It means that 26,640 18-year-olds from the least advantaged areas and 82,390 from the most advantaged areas secured a place – up 3,450 (6%) and 12,770 (10%) on last year respectively. 

Marchant commented: “After around a decade of widening participation progress, albeit slow, it is disappointing to see it stall, though this should be seen in light of record numbers of students from disadvantaged backgrounds being accepted.

“We know that many young people are looking at all of their options, with over three-quarters of those who haven’t applied through Ucas saying they’re interested in an apprenticeship. Through our trusted, engaging, and timely information and advice, such as our CareerFinder service, we’re helping everyone discover what their next step could be.”

In response to to today’s results, Carole Willis, chief executive of the National Foundation for Educational Research (NFER), observed the “unprecedented period of disruption” young people have experienced over the last two years, also praising the “incredible levels of determination and tenacity from teachers, pupils and parents”.

In response to the widening participation gap, Willis urged: “It is essential this cohort of young people us supported to plug the gaps of any missed learning and to make successful transitions to the next stages of their education or employment career.”

STEM success

This year’s entries saw a 5.79% rise in female A-level participants for STEM-focused programmes, including a 13.02% increase in computing – a subject in which more than a quarter of female students achieved an A*, up from 17.8% in 2020, and just 3,7% in 2019.

However, despite an increase of more than 20% in the number of young women studying computing last year, growth has fallen to 13% over the last 12 months; but overall, the percentage of female computing students remains virtually unchanged (14.6% vs 14.4%).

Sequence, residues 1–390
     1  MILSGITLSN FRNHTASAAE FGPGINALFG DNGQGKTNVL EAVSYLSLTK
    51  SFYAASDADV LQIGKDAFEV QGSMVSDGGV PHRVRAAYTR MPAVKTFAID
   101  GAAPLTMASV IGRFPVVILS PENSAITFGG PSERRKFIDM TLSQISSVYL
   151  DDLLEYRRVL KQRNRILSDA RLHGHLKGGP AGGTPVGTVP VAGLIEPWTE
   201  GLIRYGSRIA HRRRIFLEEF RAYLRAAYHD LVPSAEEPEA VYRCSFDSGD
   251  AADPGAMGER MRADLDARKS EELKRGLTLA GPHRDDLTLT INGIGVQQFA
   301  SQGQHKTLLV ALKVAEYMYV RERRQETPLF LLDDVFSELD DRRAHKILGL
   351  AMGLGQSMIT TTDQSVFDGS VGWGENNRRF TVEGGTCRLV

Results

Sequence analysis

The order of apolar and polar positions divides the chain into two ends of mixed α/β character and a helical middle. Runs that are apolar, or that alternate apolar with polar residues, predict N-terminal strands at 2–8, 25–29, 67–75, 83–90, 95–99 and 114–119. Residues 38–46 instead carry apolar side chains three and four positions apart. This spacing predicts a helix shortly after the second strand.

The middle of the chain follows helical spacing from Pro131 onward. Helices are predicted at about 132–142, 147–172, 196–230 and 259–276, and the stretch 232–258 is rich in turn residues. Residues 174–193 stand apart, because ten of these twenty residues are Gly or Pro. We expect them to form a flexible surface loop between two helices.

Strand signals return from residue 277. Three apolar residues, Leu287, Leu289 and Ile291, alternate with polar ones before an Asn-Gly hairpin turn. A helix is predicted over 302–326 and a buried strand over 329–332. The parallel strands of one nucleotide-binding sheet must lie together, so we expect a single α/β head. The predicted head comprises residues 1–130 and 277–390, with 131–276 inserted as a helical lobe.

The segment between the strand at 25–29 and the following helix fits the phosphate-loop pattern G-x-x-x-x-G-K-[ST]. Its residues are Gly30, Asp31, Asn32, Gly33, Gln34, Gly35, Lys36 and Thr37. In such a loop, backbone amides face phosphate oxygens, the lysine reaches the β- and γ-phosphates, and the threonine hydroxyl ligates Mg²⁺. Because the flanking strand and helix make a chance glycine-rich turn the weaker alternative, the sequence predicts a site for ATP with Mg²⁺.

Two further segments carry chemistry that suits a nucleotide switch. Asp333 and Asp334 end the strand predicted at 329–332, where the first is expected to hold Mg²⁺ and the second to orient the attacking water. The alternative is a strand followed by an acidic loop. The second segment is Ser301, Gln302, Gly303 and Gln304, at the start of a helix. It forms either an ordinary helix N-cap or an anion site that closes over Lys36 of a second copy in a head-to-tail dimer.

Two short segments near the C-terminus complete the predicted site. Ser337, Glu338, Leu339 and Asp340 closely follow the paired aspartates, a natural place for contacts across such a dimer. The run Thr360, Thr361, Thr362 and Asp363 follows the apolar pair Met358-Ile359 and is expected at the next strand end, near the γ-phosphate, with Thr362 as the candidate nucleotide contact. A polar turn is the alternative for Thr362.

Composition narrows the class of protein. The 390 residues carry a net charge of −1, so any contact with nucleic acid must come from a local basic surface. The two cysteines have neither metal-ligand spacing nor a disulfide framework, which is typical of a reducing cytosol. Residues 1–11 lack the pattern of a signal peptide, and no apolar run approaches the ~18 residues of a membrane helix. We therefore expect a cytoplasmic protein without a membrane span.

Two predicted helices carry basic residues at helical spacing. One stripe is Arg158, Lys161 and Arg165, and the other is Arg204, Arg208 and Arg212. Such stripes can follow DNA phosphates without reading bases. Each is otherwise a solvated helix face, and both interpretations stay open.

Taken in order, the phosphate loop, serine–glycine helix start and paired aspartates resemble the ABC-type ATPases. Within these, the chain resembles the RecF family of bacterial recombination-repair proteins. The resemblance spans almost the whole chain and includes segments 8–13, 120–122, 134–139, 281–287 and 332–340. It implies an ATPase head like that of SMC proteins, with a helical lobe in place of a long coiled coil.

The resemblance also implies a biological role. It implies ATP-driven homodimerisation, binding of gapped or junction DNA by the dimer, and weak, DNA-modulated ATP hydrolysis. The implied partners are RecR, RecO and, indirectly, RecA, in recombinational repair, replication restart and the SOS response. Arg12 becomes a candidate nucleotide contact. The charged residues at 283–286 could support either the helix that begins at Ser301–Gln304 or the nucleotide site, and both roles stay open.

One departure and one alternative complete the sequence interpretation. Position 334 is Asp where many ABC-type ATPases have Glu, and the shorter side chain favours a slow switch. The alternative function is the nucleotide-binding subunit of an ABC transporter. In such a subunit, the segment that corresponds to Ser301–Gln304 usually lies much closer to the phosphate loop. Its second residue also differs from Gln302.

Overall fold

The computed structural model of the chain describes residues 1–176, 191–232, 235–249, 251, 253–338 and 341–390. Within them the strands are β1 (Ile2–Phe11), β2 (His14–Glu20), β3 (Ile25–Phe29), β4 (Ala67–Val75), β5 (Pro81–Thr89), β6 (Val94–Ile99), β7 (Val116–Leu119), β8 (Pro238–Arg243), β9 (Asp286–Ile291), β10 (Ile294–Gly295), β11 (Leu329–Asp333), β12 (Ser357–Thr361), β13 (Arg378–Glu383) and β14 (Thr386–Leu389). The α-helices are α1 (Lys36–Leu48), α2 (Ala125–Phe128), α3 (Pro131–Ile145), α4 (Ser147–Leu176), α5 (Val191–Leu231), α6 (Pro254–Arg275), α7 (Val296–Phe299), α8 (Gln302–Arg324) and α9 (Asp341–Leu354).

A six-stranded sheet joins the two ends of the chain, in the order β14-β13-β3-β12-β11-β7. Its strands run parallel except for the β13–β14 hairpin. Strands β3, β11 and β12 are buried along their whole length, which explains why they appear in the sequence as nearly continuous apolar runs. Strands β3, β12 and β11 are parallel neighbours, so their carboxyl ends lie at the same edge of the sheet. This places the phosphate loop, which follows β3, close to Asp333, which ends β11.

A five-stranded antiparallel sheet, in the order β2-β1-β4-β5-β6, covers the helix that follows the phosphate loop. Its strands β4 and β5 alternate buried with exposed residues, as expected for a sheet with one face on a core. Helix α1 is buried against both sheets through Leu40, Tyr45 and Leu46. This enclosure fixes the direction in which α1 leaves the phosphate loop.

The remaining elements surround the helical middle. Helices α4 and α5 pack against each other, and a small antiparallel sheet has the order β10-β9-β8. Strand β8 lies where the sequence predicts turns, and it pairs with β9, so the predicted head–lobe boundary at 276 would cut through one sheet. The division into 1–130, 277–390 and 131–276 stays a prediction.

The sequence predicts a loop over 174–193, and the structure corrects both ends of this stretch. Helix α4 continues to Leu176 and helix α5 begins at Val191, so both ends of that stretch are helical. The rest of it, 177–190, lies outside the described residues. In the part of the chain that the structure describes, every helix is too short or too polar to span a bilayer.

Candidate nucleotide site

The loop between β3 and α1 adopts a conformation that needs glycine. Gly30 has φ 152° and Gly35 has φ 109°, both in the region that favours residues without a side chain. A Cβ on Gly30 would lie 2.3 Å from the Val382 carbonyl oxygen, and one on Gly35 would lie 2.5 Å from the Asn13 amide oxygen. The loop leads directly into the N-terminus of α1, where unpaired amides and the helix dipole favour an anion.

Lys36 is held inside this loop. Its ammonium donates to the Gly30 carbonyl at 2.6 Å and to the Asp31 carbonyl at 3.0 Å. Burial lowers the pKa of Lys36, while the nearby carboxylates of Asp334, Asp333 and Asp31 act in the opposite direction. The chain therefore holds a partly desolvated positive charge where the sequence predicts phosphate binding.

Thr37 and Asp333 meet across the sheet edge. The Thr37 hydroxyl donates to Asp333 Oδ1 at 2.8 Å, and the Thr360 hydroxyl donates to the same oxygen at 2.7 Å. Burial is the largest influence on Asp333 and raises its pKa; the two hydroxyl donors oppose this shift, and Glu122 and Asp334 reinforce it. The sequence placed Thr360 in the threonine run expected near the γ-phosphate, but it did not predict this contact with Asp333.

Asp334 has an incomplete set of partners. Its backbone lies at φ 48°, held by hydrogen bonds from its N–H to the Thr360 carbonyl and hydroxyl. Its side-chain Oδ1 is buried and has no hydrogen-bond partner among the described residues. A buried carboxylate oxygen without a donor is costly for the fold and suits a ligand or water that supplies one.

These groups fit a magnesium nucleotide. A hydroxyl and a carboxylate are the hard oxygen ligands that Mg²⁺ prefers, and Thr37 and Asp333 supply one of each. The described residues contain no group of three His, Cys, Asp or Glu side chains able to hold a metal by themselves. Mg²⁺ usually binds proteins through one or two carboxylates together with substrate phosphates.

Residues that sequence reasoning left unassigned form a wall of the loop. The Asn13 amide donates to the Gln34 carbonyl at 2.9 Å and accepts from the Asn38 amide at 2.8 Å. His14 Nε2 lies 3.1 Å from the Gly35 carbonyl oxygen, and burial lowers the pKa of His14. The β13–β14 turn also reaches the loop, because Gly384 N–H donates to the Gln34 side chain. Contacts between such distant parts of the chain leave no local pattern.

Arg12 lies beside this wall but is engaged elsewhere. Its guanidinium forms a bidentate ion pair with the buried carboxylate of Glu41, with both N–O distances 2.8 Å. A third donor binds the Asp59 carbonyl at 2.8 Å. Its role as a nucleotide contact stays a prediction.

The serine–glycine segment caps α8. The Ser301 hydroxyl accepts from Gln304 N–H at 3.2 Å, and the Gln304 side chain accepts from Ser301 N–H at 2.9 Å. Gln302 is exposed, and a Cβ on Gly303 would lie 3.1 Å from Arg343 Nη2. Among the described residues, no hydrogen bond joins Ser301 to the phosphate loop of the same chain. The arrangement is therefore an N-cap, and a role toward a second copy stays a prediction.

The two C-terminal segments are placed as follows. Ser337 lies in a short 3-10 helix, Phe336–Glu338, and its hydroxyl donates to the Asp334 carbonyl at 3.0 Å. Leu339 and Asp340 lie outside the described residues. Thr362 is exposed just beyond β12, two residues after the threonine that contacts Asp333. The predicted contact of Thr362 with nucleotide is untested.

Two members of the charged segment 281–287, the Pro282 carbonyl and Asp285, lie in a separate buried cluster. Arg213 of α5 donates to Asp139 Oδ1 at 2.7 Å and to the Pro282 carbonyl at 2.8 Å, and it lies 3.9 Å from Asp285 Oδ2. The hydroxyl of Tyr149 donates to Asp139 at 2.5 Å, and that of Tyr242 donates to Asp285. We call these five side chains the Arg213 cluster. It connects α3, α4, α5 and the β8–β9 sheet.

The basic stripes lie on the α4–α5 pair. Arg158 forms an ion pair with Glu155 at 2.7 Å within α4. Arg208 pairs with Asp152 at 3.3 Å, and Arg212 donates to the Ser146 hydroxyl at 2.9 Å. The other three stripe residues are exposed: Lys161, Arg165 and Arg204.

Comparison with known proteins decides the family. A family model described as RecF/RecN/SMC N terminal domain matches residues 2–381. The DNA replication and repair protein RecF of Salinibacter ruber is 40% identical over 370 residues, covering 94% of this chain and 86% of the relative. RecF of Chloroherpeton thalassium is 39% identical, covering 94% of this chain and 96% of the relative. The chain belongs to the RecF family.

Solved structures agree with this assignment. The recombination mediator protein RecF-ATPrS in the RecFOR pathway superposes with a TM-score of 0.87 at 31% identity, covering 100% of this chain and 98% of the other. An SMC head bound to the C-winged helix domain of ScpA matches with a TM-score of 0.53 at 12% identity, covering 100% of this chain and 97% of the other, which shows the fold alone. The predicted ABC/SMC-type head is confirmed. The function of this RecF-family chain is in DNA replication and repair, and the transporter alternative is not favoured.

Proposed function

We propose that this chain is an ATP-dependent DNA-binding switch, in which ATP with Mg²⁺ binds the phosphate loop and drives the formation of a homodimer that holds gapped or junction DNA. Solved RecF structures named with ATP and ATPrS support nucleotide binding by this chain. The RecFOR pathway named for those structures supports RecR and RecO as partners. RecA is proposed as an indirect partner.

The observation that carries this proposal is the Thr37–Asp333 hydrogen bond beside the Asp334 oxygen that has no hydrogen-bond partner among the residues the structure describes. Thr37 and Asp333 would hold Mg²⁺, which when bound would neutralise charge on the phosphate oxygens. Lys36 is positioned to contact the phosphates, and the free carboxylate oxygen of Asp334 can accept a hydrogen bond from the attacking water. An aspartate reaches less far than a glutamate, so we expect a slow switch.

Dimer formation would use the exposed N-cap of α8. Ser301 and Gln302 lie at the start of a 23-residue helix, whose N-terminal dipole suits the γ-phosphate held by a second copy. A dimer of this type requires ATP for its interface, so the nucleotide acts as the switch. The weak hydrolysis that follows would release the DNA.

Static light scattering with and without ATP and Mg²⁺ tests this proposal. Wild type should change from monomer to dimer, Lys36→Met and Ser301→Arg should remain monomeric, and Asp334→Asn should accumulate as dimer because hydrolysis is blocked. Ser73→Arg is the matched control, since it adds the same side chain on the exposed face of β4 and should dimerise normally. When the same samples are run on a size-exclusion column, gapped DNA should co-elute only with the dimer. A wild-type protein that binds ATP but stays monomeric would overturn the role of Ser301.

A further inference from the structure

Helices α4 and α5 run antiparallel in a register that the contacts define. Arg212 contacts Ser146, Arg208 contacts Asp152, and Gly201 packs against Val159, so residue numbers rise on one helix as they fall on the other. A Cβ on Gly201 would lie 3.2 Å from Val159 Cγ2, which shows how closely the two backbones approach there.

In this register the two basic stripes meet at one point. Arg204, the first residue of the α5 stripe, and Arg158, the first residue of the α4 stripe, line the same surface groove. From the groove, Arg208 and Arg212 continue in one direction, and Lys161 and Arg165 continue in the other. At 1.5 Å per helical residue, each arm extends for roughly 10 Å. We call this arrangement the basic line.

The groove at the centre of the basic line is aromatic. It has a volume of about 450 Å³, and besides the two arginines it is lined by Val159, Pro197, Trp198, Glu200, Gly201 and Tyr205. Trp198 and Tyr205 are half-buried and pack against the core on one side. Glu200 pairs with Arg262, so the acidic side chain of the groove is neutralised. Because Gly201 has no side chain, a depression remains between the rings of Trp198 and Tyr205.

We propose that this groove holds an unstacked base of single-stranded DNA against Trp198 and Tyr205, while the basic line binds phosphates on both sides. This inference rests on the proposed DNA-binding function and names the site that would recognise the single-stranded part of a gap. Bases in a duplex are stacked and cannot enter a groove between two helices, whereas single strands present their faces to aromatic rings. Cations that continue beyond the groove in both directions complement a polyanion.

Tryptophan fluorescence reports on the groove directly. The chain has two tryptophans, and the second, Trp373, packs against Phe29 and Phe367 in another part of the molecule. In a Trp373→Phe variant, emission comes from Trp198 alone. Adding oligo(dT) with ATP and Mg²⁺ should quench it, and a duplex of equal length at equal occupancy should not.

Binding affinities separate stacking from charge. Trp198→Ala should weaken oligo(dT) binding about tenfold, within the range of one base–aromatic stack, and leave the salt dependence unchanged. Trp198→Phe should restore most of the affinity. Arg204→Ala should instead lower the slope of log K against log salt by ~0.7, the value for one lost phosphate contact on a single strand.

“However, beyond the usual backdrop of celebrations and commiserations, echoes the shared sentiment: ‘we made it through'” – Agata Nowakowska, Skillsoft

On this year’s results, Agata Nowakowska, area VP at edtech company Skillsoft, commented: “With exams cancelled for a second year running, 18 months of lockdowns and homeschooling, and the day itself having been brought forward to allow time for students to contest grades – A-level results day undoubtedly looks a little different this year. However, beyond the usual backdrop of celebrations and commiserations, echoes the shared sentiment: ‘we made it through’.”

Nowakowska notes that entries from young women to A-level STEM subjects across the UK have grown by more than a third in the last decade, lauding the “fantastic” upward trajectory in female STEM uptake, evidenced in this year’s results.

“Continued education and action has been instrumental in inspiring this increase,” added the VP. “So too has the ever-growing list of female role models pioneering change.”

In other news: Academic misconceptions are preventing young people from pursuing careers in tech


Leave a Reply